The new T5 DALI lighting system has now been operating smoothly for more than a year. The management staff of KBIGH commented favourably in the new lighting system. They indicated that it offers a number of advantages – adjustable lighting level, ability to provide lighting to individual badminton courts, a more comfortable visual environment, and considerable savings in electricity expenditure.
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Digital & Addressable Lighting Control at Indoor Games Hall
Obviously, high bay lighting using high output T5 lamps and luminaries was proved to be more energy efficient and had better visual performance than HID lamps. We are optimistic that high output T5 lamps could replace conventional high bay lighting using HID lamps in the very near future in most application with high ceiling level including sport halls, warehouses, plant rooms, exhibition halls, etc.
More Sports Halls Lighting Design Reference:
Supplemented by the advance in digital lighting control system like DALI, the T5 lighting system could also be designed to suit various dimming and functional requirements in commercial buildings via Central Control and Monitoring Systems. Optimisation of energy consumption could also be achieved by automatic dimming and switching by local daylight and occupancy sensors. Wiring cost could be reduced as both power and control wirings to individual luminaire could be connected via multiple busbars to both LV lighting circuits and building control network. Each luminaire is individually addressed and programmed to its designated lighting group, scene and switch settings. Future modification in lighting arrangements could simply be made in a computer terminal.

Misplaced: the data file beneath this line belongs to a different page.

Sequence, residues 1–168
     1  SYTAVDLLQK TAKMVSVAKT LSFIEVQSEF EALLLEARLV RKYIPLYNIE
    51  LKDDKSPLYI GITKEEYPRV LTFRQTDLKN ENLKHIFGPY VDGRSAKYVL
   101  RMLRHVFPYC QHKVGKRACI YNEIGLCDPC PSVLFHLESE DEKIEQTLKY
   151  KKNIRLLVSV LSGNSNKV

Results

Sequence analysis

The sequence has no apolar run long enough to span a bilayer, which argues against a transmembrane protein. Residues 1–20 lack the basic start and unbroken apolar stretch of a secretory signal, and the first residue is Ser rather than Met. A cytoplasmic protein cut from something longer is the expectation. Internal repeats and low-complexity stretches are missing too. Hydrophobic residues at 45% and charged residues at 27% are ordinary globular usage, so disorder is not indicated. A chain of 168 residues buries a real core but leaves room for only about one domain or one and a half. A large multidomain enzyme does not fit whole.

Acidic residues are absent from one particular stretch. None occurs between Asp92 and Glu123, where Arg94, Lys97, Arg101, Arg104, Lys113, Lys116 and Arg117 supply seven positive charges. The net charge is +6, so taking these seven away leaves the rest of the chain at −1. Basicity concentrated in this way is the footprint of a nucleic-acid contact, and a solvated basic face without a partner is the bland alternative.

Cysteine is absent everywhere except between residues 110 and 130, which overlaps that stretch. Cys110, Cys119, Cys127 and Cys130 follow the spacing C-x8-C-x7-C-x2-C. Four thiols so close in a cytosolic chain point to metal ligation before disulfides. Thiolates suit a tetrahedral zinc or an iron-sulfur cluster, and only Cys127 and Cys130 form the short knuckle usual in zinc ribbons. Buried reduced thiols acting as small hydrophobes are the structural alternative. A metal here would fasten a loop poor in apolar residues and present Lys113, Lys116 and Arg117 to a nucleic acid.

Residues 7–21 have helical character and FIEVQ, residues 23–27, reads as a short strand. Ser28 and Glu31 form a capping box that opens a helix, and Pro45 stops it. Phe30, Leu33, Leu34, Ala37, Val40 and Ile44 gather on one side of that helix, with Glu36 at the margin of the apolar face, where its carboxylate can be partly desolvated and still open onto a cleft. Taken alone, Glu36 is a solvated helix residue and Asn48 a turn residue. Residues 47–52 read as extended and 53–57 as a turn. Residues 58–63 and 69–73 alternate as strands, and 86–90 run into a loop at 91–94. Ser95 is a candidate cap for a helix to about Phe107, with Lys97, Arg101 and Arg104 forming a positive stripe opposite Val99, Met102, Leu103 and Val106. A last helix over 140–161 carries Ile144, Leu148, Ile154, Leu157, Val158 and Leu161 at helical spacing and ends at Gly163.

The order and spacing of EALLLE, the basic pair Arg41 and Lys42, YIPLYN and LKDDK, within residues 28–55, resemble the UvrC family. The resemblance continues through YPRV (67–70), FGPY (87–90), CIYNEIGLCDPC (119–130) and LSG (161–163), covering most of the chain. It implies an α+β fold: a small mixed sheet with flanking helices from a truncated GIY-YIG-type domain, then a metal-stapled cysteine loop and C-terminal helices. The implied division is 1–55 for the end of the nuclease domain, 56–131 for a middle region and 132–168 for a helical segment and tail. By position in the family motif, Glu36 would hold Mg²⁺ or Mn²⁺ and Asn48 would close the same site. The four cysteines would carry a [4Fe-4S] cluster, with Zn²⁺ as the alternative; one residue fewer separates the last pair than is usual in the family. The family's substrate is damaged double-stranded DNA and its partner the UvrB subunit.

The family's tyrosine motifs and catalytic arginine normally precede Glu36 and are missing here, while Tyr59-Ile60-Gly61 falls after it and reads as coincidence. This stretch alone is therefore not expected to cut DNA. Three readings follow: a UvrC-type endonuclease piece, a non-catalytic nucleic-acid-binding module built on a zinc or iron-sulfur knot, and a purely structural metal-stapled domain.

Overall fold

Jan 23, 2014 Lighting Design & Controls
The Digital Addressable Lighting Interface (DALI) : An Emerging Energy-Conserving Lighting Solution
by Odile Ronat, International Rectifier
Digitally controlled dimming of lighting is emerging as a key energy savings system in Europe and spreading to the rest of the world. The key drivers are energy shortages, increased energy costs, and environmental concerns. The Digital Addressable Lighting Interface (DALI) standard is emerging as the preferred fluorescent controlling method due to its many advantages.